Hodges says that his industry contacts are giving him “pretty dismal” reports from the field, and economists and businessmen are having a tough time making predictions during a situation that is unique and unprecedented. Still, the aggressive federal government measures and stimulus packages have helped the situation tremendously. There is still a question as to what will happen as the stimulus money is used up, but he notes that ultimately this is “just another cycle,” and the trend is now toward stability. Turf facilities and companies should be prepared for that.

“I certainly wouldn’t recommend sacrificing marketing efforts,” Hodges says, even though general cost-cutting can help smooth the effects of the economy. He notes that companies that position themselves for the recovery will be the first ones to take advantage of it, and advertising can be a big part of that. Companies should also look at how they can differentiate themselves from the competition. After the nation sees two or three months of growth in employment, that could be a sign that a turnaround is well and truly underway.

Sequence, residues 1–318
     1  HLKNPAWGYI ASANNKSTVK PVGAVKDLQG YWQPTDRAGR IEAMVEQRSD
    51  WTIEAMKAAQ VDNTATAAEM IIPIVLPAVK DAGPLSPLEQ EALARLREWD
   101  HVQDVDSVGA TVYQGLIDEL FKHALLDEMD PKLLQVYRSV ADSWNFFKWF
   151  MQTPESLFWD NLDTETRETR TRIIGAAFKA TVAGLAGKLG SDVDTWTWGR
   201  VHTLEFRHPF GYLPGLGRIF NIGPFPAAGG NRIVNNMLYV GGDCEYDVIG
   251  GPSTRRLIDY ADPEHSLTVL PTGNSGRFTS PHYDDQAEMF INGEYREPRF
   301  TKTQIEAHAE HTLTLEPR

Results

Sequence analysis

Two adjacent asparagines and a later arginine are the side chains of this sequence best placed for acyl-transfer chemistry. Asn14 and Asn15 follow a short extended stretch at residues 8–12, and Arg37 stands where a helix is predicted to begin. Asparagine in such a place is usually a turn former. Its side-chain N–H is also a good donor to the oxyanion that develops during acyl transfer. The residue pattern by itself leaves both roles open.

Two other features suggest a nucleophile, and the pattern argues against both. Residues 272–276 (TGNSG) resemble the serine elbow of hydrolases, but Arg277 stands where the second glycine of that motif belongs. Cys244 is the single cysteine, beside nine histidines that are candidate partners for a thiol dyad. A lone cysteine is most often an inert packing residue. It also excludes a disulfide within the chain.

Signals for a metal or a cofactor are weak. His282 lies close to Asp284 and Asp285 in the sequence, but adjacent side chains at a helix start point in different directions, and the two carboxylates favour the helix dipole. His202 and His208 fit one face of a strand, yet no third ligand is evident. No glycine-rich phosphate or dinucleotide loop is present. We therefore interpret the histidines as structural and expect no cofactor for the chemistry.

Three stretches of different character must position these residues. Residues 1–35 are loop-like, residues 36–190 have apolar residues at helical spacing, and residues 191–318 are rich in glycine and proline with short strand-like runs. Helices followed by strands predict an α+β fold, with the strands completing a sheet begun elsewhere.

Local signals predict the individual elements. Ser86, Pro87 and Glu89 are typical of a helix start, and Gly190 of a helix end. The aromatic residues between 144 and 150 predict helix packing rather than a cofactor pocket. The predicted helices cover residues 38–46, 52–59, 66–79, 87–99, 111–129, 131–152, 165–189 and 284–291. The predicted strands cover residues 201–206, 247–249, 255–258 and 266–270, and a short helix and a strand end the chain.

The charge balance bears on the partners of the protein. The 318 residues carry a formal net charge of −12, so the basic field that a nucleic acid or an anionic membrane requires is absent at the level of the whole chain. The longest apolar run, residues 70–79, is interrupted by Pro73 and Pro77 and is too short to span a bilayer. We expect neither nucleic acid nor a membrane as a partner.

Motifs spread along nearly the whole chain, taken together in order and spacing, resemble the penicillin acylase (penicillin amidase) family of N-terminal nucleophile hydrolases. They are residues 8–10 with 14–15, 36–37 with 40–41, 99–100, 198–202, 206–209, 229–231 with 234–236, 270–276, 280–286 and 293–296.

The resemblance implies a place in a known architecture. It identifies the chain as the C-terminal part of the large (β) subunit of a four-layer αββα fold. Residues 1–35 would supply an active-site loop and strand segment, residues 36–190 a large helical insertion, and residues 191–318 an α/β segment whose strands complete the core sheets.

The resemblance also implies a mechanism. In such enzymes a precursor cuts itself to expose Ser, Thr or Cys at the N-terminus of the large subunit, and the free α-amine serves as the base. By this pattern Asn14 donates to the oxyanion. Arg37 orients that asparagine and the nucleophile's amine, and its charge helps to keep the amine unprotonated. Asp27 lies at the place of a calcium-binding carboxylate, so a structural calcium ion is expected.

The L.T. Rich Products company had an exceptional year in 2009, increasing sales by 8 percent and setting a record for profits. Company President Tom Rich says that a solid development program for his company’s niche line of aerators and fertilizer sprayers, as well as a large downturn in the cost of commodities such as stainless steel and aluminum, helped boost the company, which sells to clients who maintain turfgrass.

Rich says there are several factors involved in his company’s “record year” in 2009, other than a decrease in cost of materials used to manufacture their sprayers and aerators. First, he cites the company’s push to develop new products, a push which continued during the recession. Second, he is in a specialty niche where there aren’t a lot of competitors, and, finally, L.T. Rich Products has a direct-sales system, utilizing a few regional sales reps, which emphasizes good customer service. That helped increase sales by 8 percent last year for the Lebanon, Ind., company.